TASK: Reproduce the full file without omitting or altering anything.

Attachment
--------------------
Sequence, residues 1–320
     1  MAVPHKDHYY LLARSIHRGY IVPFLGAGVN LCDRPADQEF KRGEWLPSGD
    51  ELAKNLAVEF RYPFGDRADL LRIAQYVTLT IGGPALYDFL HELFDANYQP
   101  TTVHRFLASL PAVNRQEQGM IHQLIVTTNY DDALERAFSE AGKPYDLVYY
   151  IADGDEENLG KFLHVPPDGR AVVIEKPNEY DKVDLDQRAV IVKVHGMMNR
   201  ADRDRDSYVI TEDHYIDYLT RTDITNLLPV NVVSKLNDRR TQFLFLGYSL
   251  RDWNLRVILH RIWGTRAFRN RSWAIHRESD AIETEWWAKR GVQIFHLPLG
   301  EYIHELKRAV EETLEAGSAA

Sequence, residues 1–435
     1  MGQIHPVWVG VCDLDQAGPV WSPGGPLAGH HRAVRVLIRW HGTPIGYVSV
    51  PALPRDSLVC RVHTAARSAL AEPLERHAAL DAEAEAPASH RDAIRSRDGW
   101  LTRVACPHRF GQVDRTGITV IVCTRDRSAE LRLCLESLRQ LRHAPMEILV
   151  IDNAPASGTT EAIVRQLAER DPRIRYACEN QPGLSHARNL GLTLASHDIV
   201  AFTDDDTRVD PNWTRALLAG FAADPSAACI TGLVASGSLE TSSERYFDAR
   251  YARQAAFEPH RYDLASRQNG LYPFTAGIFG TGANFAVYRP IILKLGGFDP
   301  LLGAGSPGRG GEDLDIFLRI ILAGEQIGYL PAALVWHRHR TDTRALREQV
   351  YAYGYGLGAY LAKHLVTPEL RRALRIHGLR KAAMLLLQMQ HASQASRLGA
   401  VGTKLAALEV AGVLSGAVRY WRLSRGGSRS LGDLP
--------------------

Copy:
Sequence, residues 1–320
     1  MAVPHKDHYY LLARSIHRGY IVPFLGAGVN LCDRPADQEF KRGEWLPSGD
    51  ELAKNLAVEF RYPFGDRADL LRIAQYVTLT IGGPALYDFL HELFDANYQP
   101  TTVHRFLASL PAVNRQEQGM IHQLIVTTNY DDALERAFSE AGKPYDLVYY
   151  IADGDEENLG KFLHVPPDGR AVVIEKPNEY DKVDLDQRAV IVKVHGMMNR
   201  ADRDRDSYVI TEDHYIDYLT RTDITNLLPV NVVSKLNDRR TQFLFLGYSL
   251  RDWNLRVILH RIWGTRAFRN RSWAIHRESD AIETEWWAKR GVQIFHLPLG
   301  EYIHELKRAV EETLEAGSAA

Sequence, residues 1–435
     1  MGQIHPVWVG VCDLDQAGPV WSPGGPLAGH HRAVRVLIRW HGTPIGYVSV
    51  PALPRDSLVC RVHTAARSAL AEPLERHAAL DAEAEAPASH RDAIRSRDGW
   101  LTRVACPHRF GQVDRTGITV IVCTRDRSAE LRLCLESLRQ LRHAPMEILV
   151  IDNAPASGTT EAIVRQLAER DPRIRYACEN QPGLSHARNL GLTLASHDIV
   201  AFTDDDTRVD PNWTRALLAG FAADPSAACI TGLVASGSLE TSSERYFDAR
   251  YARQAAFEPH RYDLASRQNG LYPFTAGIFG TGANFAVYRP IILKLGGFDP
   301  LLGAGSPGRG GEDLDIFLRI ILAGEQIGYL PAALVWHRHR TDTRALREQV
   351  YAYGYGLGAY LAKHLVTPEL RRALRIHGLR KAAMLLLQMQ HASQASRLGA
   401  VGTKLAALEV AGVLSGAVRY WRLSRGGSRS LGDLP